Water distributed by municipal systems has been the largest off-stream use of water in southeastern Minnesota for the past 100 years. Water pumped by these systems in 1980 totaled 102.3 billion gallons, with 60.1 billion gallons supplied by ground water. Ground water supplies 294 of the 309 municipal systems in the area.
The development of ground-water supplies for municipal use in southeastern Minnesota began around the 1880's as an alternative to supplies from lakes and rivers. After about 4,500 Minnesotans died from typhoid from 1891 to 1900, deep wells became widely used in order to avoid contaminated surface water.
An inventory of 1,244 wells drilled for municipal systems from 1880 to 1980 has been completed. Of the five bedrock aquifers in the study area, the Prairie du Chien-Jordan is the most extensively used for water supply; 537 municipal wells tap it. About half of these wells were drilled in the Twin Cities Metropolitan Area since 1945 to accommodate suburban growth. The undifferentiated drift aquifer ranks second in use with 294 municipal wells tapping it. Most of these wells are completed in aquifers buried in thick drift deposits in the western part of the study area.
Aquifer preference was analyzed to determine whether municipal wells were completed in the shallowest bedrock aquifer present in an area, in a deeper bedrock aquifer, or in a drift aquifer above the bedrock. Until 1950, there was a strong preference to complete municipal wells in the Upper Carbonate aquifer. Because of poor water quality in parts of the aquifer, most municipal wells drilled in the area since 1950 are cased through the Upper Carbonate and completed in deeper aquifers. The St. Peter aquifer is little used for municipal wells because wells completed in it often pump sand. About 96 percent of the municipal wells drilled in the St. Peter aquifer subcrop area since 1950 were cased through the St. Peter and completed in deeper aquifers. About 64 percent of the municipal wells drilled in the Mount Simon-Hinckley aquifer subcrop area are completed in drift aquifers. The Prairie du Chien-Jordan and Ironton-Galesville aquifers are preferred for municipal wells in their respective areas of occurrence.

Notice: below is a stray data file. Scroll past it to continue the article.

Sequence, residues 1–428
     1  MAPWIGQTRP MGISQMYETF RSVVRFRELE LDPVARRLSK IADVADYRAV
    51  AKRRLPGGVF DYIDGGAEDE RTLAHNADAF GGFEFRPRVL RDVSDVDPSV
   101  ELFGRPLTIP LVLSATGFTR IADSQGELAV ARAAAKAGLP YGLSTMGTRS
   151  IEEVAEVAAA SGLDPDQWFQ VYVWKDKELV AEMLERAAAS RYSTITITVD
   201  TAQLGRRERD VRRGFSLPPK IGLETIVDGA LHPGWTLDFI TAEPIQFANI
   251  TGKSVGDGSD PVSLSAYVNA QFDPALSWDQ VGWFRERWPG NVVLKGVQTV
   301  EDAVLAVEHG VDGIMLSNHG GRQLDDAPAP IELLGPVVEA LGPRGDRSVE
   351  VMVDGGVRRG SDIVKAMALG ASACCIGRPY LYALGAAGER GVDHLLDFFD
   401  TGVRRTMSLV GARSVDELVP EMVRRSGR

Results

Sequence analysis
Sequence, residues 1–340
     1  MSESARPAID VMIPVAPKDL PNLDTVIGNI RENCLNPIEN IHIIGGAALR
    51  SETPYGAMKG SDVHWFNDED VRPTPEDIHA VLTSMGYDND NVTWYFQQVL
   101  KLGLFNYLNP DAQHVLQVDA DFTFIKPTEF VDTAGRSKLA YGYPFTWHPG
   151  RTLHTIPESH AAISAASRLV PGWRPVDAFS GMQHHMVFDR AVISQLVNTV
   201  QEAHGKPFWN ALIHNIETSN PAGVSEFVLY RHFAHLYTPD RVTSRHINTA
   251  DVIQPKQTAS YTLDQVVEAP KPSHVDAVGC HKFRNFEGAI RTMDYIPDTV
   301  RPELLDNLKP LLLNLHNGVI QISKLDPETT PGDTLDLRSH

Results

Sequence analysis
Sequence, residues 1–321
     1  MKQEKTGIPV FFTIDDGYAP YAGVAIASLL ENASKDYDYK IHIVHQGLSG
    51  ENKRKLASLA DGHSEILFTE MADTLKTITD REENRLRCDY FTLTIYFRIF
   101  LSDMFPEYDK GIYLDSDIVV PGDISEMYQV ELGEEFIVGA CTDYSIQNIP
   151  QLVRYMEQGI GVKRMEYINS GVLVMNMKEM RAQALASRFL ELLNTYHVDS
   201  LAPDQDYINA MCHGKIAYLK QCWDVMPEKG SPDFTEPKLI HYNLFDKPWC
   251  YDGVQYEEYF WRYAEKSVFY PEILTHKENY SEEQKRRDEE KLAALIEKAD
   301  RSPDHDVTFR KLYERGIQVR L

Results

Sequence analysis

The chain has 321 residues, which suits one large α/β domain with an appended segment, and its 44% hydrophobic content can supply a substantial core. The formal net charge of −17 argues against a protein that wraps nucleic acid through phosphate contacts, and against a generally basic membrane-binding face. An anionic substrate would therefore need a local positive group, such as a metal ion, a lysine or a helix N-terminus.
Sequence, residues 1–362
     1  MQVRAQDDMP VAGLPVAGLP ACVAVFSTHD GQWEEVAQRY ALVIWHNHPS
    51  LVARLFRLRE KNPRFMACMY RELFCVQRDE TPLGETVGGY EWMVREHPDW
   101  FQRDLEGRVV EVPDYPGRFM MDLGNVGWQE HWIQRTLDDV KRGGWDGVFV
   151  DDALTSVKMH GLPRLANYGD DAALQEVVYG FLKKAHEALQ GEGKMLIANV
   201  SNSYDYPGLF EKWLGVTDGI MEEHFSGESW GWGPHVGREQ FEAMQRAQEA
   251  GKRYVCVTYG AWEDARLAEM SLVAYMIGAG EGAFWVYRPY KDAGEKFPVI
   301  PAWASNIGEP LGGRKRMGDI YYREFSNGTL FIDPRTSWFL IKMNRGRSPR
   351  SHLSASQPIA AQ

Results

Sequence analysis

Water appropriation in Minnesota is regulated through a permit system based on five water-use priorities. Domestic water supply, excluding industrial and commercial uses of a municipal water supply, is the highest priority (Minnesota Statutes, Chapter 105.41). Under the regulations, uses of a lower priority are not permitted to adversely affect uses of a higher priority. Identification of the aquifer(s) used for municipal supplies is also necessary to safeguard these supplies from adverse effects of competing water users and contamination, and to evaluate the consequences of each.
|Publication Subtype||USGS Numbered Series|
|Title||Trends in municipal-well installations and aquifer utilization in southeastern Minnesota, 1880-1980|
|Series title||Water-Resources Investigations Report|
|Publisher||U.S. Geological Survey|
|Publisher location||St. Paul, MN|
|Contributing office(s)||Minnesota Water Science Center|
|Description||iii, 99 p.|
|Other Geospatial||Hollandale Embayment|
|Online Only (Y/N)||N|
|Additional Online Files (Y/N)||N|
|Google Analytic Metrics||Metrics page|